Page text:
Material and Care

:: LEATHER


General information about (our) leather:


Leather is animal hide, preserved by tanning, and with additional treatments according to its intended application. Depending on what is required, this can result in e.g. tough shoe leather or silky-soft leather for clothing. Naturally, every different species has a different type of hide with different characteristics, so each needs to be used in an appropriate application.


We use only top quality calf leather. This can be categorised according to the colour application or pigmentation process into a variety of types of leather: aniline leather, semi-aniline leather or pigmented leather.


Aniline leather has no surface colouring, and semi-aniline leather has only very little. On both of these types of leather, hair pores are still clearly visible. Pigmented leather (also called pigment coated leather) has a heavier coloured layer, and the hair pores are no longer visible.


When it comes to pigmentation, it is the properties required of the leather which guides the tanner. If no coloured layer is applied (as with aniline leather), the leather will fade more quickly, and it is sensitive to stains. However, it has the finest texture, and feels soft and warm. A thin colour layer (semi-aniline leather) provides moderate protection but without compromising the soft texture. Pigment coated leather gains great protection from its thicker colour layer, but it loses the soft texture and feels cooler and firmer. It would be great if a leather which was as soft as aniline leather yet as durable as pigment coated leather existed – but unfortunately that’s just not possible to achieve technically.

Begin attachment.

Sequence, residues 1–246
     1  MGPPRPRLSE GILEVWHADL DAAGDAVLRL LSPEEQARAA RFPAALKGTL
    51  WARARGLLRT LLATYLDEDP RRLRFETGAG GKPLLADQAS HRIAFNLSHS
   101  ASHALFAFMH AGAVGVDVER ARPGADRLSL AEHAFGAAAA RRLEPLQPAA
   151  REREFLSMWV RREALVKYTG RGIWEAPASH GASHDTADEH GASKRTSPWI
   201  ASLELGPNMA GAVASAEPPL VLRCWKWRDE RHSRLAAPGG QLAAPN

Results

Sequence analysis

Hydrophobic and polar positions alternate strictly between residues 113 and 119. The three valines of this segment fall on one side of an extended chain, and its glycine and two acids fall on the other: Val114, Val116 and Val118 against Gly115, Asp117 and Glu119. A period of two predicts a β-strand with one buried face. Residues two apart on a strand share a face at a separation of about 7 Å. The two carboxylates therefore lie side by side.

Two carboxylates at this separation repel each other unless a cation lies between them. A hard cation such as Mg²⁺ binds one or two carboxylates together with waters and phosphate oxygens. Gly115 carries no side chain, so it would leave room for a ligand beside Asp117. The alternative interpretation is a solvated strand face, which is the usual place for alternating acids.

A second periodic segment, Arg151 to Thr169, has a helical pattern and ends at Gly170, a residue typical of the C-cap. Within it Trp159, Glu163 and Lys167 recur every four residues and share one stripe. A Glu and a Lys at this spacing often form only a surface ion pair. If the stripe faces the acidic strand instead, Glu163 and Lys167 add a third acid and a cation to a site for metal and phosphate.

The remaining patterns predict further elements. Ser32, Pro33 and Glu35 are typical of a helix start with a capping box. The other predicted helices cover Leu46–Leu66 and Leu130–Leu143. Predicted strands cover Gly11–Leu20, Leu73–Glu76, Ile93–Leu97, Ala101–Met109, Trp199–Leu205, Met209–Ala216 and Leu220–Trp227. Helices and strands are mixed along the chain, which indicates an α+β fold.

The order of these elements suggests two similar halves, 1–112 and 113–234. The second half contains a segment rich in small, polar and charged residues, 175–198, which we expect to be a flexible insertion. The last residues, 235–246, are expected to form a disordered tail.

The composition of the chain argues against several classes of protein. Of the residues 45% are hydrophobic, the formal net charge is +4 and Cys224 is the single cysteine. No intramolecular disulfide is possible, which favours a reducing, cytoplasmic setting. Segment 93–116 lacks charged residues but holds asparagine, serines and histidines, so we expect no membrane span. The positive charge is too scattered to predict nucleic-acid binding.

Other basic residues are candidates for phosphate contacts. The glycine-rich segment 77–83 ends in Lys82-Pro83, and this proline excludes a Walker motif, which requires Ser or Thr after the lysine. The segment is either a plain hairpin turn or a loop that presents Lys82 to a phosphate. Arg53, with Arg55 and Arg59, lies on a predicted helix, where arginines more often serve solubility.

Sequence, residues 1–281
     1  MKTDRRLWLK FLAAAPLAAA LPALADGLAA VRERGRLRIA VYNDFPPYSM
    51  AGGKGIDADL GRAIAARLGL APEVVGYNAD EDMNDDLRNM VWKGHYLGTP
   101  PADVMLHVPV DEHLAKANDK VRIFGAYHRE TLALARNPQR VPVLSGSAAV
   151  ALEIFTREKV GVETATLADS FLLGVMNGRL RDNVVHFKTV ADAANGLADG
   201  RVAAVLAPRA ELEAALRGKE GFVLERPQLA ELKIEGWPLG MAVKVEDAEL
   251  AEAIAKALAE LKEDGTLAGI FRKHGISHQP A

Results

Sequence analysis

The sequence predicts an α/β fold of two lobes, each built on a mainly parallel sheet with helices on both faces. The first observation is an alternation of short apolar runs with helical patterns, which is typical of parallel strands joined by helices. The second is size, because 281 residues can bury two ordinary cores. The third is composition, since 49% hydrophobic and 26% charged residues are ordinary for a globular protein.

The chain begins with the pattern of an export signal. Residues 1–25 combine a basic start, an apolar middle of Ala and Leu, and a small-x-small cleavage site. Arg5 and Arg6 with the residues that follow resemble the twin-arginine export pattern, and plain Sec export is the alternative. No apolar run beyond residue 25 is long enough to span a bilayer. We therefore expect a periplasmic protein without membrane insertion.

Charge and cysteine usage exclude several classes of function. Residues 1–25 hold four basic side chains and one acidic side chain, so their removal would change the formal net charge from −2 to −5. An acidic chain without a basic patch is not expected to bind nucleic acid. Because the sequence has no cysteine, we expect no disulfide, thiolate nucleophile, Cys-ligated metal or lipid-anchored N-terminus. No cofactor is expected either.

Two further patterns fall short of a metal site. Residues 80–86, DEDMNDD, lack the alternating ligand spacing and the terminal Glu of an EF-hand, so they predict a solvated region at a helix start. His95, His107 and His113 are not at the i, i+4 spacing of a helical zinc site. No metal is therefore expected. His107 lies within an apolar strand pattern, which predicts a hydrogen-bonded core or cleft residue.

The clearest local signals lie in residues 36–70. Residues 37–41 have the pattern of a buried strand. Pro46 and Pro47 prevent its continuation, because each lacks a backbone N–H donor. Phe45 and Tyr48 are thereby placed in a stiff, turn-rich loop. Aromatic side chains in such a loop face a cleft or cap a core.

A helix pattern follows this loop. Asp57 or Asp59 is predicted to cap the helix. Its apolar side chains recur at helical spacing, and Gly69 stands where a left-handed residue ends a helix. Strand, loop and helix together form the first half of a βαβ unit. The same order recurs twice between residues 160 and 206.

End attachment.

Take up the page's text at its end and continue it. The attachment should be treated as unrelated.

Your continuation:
Characteristics and handling: Leather is an (enhanced) natural product. So it’s quite possible that small scars, insect bites or folds – natural features, in other words – will be visible. It will also change over time in response to usage, light and its environment. This process is completely normal, and results in the leather’s own individual patina. The higher quality the leather is, the less treatment it is given, and hence the more sensitively it reacts. Aniline leather is just such an untreated leather, and over time it will develop a wonderful patina.


If fading, marks, scratches etc. become objectionable, the leather should be cleaned and treated with a leather care product. The earlier you start doing this the longer it will remain beautiful and supple. When cleaning and applying care products, please always be aware of the type of leather you have. If you are uncertain, please do ask us or a leather specialist.